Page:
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Old 27-03-2010, 13:18   #31
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One other note - It is getting very difficult to find marinas that welcome liveaboards with the extra cost of insurance for the marina. I happen to live at one that does welcome liveaboards, but it is one of the few in Jacksonville. In asking around last year, I found that some marinas that did have liveaboards are actively working to get rid of the few remaining vessels. It makes going on the hook more and more attractive. I just have to figure out where I can park a car nearby to get to work every day and stow that dinghy
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Old 29-03-2010, 16:09   #32
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Hey Tropic Cat, and any other Warm area Cat owners

Quote:
Originally Posted by Tropic Cat View Post
I'm on the east coast of Florida and concur that A/C will be a necessity. If you decide a boat is the way to go, this will mean, access to shore power. Live aboards in my marina have been fairly ingenious in adapting Walmart A/C home window units for this purpose during summer months.

It looks 'tacky' as hell, as there's no way to blend them into the lines of the boat or hide them. Also, they wear out fairly quickly, but then again they're cheap A/C units to begin with.
Hey Tropic Cat,

So, I am now really considering a Cat. Now I have NEVER, yet, sailed on a cat, other than a hobie. Of course all my fellow mono-hull sailing friends don't suggest Cat's because, well it's different, but they say mainly for sailing issues, such as in light winds when it is hard to tack or jibe in light winds and that can be dangerous.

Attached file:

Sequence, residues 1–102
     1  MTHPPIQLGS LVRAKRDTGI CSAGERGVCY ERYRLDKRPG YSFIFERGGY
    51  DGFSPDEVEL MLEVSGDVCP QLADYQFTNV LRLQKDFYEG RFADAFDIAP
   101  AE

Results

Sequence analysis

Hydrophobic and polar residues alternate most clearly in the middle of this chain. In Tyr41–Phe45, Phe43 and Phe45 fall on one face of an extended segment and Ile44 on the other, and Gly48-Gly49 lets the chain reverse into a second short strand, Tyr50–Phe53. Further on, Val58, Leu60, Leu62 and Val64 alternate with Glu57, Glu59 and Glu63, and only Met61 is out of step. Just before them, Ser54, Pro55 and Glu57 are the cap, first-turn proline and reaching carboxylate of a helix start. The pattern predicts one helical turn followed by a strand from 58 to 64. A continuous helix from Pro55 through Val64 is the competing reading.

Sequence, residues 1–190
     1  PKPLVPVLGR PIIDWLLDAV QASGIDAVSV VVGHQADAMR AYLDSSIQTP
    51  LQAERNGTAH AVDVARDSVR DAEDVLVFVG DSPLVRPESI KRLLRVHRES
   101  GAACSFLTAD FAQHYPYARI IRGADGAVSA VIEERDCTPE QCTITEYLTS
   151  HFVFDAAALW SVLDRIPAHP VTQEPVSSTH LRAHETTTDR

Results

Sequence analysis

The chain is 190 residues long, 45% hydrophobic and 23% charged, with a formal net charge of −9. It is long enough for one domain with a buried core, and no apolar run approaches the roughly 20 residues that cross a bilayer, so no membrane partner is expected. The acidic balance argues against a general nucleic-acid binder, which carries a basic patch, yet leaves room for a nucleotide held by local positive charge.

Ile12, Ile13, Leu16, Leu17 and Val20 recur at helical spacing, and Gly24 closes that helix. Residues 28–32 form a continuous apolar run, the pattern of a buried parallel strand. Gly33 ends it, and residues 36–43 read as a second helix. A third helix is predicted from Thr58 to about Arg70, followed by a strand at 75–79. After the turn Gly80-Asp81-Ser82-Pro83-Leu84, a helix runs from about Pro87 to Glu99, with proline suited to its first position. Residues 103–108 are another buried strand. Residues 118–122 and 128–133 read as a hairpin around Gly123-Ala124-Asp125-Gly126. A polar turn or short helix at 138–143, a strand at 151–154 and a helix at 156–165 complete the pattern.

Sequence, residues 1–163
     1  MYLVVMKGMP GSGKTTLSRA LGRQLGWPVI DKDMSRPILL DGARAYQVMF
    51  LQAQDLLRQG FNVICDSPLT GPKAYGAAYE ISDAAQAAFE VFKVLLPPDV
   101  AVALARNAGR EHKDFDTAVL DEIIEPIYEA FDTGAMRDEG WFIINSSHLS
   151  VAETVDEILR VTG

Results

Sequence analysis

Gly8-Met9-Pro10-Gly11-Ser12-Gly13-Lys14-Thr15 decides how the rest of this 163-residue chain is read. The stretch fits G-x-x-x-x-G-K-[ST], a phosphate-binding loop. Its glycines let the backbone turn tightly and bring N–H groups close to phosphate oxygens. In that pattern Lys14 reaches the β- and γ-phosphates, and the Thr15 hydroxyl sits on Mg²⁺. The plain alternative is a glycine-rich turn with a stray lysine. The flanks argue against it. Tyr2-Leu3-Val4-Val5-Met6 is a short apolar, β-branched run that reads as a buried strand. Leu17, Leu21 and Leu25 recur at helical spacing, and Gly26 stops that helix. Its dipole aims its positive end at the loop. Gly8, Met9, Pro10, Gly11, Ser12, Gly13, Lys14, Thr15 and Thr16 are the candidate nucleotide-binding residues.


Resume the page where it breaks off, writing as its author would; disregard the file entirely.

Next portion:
What is your comment to that?
Also, what kind of cat do you have?
It seems cat's are made to in teh 14'-15' beam and then jump to 18'-22'.
Why is that?
And with the beam differences what will you feel when it comes to sailing?
Also, with the economy not doing so hot, do you think one can find berths for the wider beamed cats now than say a few years ago?
Obviously I would prefer a beamier Cat if I were to liveaboard.

Love all the responses and really appreciate it. Any of you guys wanna know about SF bay area sailing/marinas, YC's feel free to ask!
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Old 29-03-2010, 16:32   #33
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I don't have time to read all of the responses you received since I am retired and living on our sailboat in Florida! :-) But I am going to assume people told you it is too hot in Florida to live without AC on a boat. BS!!!

We have lived aboard and cruised for four years on our sailboat in Florida (both coasts) without AC. We can't wait for summer to return as that is our cruising season and we have been freezing our asses off here in the Keys all winter!!